Yes. I served on the original Envision Alewife Working Group and the more recent Alewife Zoning Working Group. I support the Working Groups’ final conclusions. I also expect to be actively involved in crafting new rules for the shopping center.

Do you support the proposal to expand the Affordable Housing Overlay to allow more height for 100% affordable housing development in major squares (15 stories) and corridors (12 stories)?

No. I don’t support the AHO, particularly along secondary corridors that have neither retail nor quality public transit. I also believe that the heights and dimensions permitted under the proposed AHO amendments are extreme and entirely inappropriate for existing neighborhoods.

Do you support further increasing city funding for affordable housing to 10% of the City budget?

Generally Yes. While I support increasing public funding for NON-PROFIT affordable housing developers, I oppose the City bankrolling FOR-PROFIT affordable developers and believe that all developers receiving public funding should be required to publish a pro forma that fully details their project finances.

How can Cambridge better protect tenants against displacement?

As discussed earlier, Cambridge has a displacement problem, driven by condo conversions, house flipping, and increased foreign property speculation. I would propose new rules to address each of these areas, including a right of tenant first refusal, limits on foreign investment, a “real person” rule disclosing the true purchasers of properties, anti-flipping rules, and a vacancy tax similar to Washington DC.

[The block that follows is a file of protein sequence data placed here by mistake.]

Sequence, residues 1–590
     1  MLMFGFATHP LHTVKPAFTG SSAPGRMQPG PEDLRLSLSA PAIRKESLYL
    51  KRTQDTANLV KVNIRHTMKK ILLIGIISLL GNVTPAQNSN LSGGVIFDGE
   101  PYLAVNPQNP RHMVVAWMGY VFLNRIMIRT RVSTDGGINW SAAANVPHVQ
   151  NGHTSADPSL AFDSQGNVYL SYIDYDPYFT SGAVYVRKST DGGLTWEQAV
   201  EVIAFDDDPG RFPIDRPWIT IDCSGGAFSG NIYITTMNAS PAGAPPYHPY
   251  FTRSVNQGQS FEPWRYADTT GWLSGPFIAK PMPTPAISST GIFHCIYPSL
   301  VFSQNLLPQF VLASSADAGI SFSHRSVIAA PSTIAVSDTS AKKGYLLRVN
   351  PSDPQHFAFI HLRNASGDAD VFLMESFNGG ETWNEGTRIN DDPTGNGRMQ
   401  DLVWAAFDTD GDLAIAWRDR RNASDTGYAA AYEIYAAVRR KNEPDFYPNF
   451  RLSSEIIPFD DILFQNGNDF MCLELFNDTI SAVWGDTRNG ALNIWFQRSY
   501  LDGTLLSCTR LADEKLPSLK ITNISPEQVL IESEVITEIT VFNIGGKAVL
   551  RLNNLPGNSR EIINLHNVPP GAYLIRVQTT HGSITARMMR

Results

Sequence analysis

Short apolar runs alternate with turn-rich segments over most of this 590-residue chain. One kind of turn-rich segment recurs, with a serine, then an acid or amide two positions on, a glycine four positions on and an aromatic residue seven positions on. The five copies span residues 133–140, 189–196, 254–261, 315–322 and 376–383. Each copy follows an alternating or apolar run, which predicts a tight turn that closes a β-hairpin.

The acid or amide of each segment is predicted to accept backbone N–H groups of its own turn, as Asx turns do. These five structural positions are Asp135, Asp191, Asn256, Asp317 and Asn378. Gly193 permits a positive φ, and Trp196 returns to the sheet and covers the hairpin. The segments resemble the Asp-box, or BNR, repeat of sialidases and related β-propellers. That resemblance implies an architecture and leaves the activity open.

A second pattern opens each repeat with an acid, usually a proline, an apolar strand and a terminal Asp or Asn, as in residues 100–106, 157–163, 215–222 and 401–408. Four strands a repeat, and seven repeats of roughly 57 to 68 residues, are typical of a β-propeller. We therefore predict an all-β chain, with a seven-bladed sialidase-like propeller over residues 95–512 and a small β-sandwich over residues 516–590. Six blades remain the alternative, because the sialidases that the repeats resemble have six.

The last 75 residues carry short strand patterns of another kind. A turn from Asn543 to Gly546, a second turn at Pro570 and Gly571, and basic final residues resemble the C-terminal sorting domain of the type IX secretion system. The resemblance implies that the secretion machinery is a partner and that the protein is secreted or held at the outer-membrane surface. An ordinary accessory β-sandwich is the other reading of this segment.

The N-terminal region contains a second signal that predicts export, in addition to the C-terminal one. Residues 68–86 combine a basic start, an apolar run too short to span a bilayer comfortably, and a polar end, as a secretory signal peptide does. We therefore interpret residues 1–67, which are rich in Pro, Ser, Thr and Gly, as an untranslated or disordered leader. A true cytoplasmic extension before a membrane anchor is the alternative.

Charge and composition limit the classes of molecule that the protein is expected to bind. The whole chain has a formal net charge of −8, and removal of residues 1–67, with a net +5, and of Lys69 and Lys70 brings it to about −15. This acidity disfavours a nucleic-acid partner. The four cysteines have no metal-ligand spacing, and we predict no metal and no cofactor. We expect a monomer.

ABC has repeatedly supported state legislation enabling cities to better protect tenants. Do you support such legislation?

Generally Yes

If something like it passed, what kind of city tenant protections would you favor? Would you support any kind of rent stabilization, such as the petition from Mayor Wu, which would cap rent increases at a maximum of 10% while exempting new construction, along with requiring just cause for eviction?

I support increased tenant protections, though the specifics of any such proposal needs to be carefully weighed against the likely impacts on local housing availability and quality.

Do you believe we have a climate obligation to pursue greater density city-wide and allow more people to live here?

Yes. I served as the Co-chair of the City’s Climate Resilient Zoning Task Force, which recently updated the Zoning Ordinance to include new resiliency measures. I believe that more density is appropriate, but only it it can be done responsibly with proper protections for open space, reuse of historic structures, and truly equitable transit options.